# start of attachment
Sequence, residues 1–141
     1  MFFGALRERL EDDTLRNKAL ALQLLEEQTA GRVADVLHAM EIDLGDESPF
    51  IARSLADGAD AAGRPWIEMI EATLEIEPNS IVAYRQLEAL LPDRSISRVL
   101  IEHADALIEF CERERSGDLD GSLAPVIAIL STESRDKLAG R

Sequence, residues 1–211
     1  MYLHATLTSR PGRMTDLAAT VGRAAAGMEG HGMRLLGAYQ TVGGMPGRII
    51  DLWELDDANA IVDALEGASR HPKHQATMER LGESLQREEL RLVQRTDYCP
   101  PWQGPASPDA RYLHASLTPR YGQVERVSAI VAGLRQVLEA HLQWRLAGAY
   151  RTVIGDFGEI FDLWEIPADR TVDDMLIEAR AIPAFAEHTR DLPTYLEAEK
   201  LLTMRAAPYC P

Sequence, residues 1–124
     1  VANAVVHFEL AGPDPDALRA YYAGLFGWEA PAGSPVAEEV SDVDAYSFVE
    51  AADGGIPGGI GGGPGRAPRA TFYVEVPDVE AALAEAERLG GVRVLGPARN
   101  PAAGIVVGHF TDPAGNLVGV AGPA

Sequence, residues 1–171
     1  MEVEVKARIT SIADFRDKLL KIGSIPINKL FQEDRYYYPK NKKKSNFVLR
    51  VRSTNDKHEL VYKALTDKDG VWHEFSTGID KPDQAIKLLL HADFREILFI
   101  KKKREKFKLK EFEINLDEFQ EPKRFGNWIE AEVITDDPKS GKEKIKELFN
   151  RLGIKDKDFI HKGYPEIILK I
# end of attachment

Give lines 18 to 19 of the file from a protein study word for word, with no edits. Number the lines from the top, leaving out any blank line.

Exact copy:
   101  KKKREKFKLK EFEINLDEFQ EPKRFGNWIE AEVITDDPKS GKEKIKELFN
   151  RLGIKDKDFI HKGYPEIILK I